Sonny Goldstein, Longtime Communal Volunteer, Dies


Sonny Goldstein, a longtime community volunteer, died at her home in Elkins Park on Thursday, Nov. 24.

The daughter of Sol and Dora Nathanson, she grew up in Oxford Circle. Her father owned a hardware store on Bustleton Ave., which he named for her.

Sonny Goldstein and her husband, Bennett, were high school sweethearts who were married for 53 years. "I took her to my senior prom at Central High when she was a sophomore," he said. "We married six months after she graduated from Olney High School.

"She was a great mother and raised our sons, Bruce and Carl," said Bennett Goldstein. "Still, she always found time to be at my side as I worked to establish my business," said the president of Goldstein's Rosenberg's Raphael Sacks Inc., Philadelphia area funeral homes. "Sometimes, we would go to four or five dinners and banquets per week because of my business and the charities and organizations in which we were involved."

However, Sonny Goldstein also had her own direction as a volunteer – first being a member and, eventually, ending up in top leadership roles, according to her husband.

Among the many organizations that were the recipients of her time and support was Brith Sholom Women, which helps support the Brith Sholom House, an apartment building for the Jewish elderly in Philadelphia. A president of the organization, she also managed the Brith Sholom Gift Shop for many years.

Sonny Goldstein also joined the Philadelphia Geriatric Center's Auxiliary during the 1980s. Again, she started out helping out at functions and went on to become its president. When the center moved to Horsham and became the Madlyn and Leonard Abramson Center for Jewish Life, she continued her volunteerism and managed the gift shop for two years.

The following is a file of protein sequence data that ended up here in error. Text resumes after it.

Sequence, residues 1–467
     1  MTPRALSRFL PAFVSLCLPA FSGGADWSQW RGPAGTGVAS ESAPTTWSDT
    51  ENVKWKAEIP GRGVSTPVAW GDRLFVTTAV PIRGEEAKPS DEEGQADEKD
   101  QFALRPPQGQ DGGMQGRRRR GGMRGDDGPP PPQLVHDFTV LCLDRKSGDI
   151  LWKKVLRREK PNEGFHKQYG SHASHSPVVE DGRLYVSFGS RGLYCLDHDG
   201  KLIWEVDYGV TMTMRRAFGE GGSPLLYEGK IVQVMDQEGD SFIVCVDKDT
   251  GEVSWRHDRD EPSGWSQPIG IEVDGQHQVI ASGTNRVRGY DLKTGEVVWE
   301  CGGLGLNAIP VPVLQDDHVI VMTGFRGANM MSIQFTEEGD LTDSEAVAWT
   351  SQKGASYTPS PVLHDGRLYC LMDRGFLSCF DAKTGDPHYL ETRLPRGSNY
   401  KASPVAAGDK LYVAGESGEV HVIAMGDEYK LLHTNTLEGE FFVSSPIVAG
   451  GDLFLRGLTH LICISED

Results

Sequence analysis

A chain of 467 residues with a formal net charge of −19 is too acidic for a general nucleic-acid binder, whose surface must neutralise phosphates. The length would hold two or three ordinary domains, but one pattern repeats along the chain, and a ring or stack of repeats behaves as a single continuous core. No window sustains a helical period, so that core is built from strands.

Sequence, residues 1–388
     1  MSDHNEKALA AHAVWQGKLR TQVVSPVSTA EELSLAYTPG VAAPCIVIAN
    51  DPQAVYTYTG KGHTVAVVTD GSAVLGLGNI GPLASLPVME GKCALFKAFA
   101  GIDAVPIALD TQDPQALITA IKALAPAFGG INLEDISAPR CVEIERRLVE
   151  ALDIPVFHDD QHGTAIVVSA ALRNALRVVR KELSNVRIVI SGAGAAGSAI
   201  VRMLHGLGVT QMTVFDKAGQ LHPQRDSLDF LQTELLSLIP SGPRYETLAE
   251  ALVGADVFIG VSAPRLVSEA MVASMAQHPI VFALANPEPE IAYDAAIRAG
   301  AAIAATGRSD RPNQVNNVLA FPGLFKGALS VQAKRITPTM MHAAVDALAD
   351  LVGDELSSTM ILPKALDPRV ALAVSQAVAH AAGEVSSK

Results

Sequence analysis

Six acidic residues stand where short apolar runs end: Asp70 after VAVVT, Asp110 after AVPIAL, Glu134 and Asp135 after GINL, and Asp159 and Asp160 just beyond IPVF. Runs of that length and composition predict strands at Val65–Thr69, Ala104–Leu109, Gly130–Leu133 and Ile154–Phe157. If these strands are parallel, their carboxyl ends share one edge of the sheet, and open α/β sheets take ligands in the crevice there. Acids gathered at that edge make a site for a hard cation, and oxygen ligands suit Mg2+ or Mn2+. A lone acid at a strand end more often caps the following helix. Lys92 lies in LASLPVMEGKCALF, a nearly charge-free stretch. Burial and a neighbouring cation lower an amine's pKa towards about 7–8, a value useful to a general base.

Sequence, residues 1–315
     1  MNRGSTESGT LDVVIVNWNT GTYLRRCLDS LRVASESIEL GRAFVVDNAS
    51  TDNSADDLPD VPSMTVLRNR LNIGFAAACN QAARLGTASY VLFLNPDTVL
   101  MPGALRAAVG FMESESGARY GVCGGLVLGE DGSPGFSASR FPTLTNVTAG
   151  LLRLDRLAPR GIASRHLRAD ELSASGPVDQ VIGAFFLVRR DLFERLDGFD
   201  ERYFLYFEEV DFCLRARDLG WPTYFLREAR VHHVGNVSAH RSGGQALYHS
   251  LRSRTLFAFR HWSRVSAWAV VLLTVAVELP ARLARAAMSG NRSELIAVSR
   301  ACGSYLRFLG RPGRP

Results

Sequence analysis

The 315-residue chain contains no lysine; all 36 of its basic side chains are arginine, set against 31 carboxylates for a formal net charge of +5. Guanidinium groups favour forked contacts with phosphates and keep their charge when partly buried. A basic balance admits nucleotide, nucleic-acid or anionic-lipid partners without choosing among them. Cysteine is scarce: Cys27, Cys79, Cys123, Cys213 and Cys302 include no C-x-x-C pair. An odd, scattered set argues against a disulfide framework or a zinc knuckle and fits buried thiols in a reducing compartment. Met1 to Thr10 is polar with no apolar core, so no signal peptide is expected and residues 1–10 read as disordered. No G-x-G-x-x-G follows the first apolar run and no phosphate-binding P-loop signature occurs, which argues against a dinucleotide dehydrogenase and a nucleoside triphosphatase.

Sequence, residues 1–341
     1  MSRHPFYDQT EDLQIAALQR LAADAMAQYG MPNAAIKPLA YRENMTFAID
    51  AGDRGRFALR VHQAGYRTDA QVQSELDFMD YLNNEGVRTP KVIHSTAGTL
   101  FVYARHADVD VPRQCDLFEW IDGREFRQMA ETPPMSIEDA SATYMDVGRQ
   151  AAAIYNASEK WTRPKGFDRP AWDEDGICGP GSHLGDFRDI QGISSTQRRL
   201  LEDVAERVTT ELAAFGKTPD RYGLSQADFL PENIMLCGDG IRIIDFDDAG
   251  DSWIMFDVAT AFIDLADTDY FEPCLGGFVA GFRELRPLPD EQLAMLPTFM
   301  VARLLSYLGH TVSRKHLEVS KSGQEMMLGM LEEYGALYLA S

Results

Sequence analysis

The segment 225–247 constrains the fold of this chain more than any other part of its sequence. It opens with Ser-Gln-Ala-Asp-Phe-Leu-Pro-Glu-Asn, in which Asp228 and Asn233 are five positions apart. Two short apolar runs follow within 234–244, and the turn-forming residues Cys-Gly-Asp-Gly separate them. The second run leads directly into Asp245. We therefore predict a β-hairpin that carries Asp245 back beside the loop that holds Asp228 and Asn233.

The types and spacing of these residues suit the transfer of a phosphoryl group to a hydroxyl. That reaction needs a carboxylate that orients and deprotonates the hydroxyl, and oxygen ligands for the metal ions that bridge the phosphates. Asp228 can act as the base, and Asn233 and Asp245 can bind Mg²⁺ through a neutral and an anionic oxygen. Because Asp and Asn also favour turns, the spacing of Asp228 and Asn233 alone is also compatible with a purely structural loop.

Frank Podietz, president and CEO of the Abramson Center, described Sonny Goldstein as a volunteer "devoted to enhancing the quality of life of our elderly residents. She helped to create and cultivate programs that enriched their physical, social and spiritual well-being, as well as those that support our residents' family members. Our residents cherished her as a trusted friend, advocate and a good listener

"Her generosity and loving-kindness touched all our lives," he added, "and we are deeply grateful to have benefited from her many extraordinary gifts."

She was also active in the Jacob K. Sandler Link– Order of the Golden Chain, and became Worthy Matron of the women's masonic organization.

The Goldsteins were recipients of the Brith Sholom Communal Award; PGC's 1992 Family Award presented at their Rainbow Ball; and the Lion of Judah Award from State of Israel Bonds, presented to them at Beth Sholom Congregation in Elkins Park, which they joined in 1971.

Some 1,400 people attended Sonny Goldstein's funeral, including, Gov. Edward Rendell, according to her husband.

There were 35 rabbis in attendance. Rabbi David Glanzberg-Krainin, the religious leader of Beth Sholom, and its rabbi emeritus, Aaron Landes, officiated. Rabbi Fred Kazan, who with his wife, Marian, had known the Goldsteins since high school and had "developed a deep friendship" over the years, delivered the eulogy.

"Sonny was one of the sweetest women I have ever known," said Kazan. "If someone needed a ride to a meeting, she would pick them up. If they weren't feeling well, she would go check on them to see what they needed. Sonny saw to everyone's needs, including always having matzah balls ready in the freezer when her family visited. She was a quiet woman, who had drive and energy, and did what she did because she was a giver – she lived every day as 'A Woman of Valor.' "

Sonny Goldstein is also survived by her sister Pauline Price and and five grandchildren.

Contributions in her memory may be made to the Madlyn and Leonard Abramson Center for Jewish Life.


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